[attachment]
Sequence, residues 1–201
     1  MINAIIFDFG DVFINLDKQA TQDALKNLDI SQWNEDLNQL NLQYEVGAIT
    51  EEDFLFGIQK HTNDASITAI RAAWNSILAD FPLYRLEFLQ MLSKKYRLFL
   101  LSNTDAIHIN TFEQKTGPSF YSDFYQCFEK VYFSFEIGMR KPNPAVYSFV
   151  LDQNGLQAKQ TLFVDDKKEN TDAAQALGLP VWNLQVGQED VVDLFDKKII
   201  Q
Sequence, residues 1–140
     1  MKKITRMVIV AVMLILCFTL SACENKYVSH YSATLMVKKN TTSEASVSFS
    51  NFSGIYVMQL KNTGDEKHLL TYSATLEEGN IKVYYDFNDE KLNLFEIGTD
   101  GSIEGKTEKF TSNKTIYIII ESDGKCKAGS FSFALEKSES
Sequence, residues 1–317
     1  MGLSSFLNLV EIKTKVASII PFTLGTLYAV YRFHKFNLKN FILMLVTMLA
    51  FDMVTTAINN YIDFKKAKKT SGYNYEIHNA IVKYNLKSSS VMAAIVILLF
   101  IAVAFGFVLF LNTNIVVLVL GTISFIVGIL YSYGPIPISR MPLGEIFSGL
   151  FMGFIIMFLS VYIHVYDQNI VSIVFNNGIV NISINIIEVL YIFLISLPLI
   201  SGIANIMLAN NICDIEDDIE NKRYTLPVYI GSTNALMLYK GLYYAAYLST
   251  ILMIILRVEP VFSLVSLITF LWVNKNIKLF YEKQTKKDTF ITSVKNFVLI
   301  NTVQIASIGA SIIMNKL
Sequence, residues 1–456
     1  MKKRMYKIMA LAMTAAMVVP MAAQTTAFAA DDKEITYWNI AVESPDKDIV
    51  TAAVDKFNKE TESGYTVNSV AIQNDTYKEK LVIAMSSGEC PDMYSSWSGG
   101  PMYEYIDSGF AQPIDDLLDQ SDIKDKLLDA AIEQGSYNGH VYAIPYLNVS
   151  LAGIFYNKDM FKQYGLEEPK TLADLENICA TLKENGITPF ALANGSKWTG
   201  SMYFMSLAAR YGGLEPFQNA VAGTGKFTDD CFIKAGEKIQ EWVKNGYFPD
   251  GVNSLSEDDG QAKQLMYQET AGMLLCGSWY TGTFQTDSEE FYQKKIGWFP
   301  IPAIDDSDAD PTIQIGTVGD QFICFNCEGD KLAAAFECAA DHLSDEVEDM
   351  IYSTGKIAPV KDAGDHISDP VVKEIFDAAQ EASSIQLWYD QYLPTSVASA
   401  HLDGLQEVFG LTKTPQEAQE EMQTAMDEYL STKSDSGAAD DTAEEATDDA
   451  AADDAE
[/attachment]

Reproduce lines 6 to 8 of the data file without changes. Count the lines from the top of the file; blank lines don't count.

   201  Q
Sequence, residues 1–140
     1  MKKITRMVIV AVMLILCFTL SACENKYVSH YSATLMVKKN TTSEASVSFS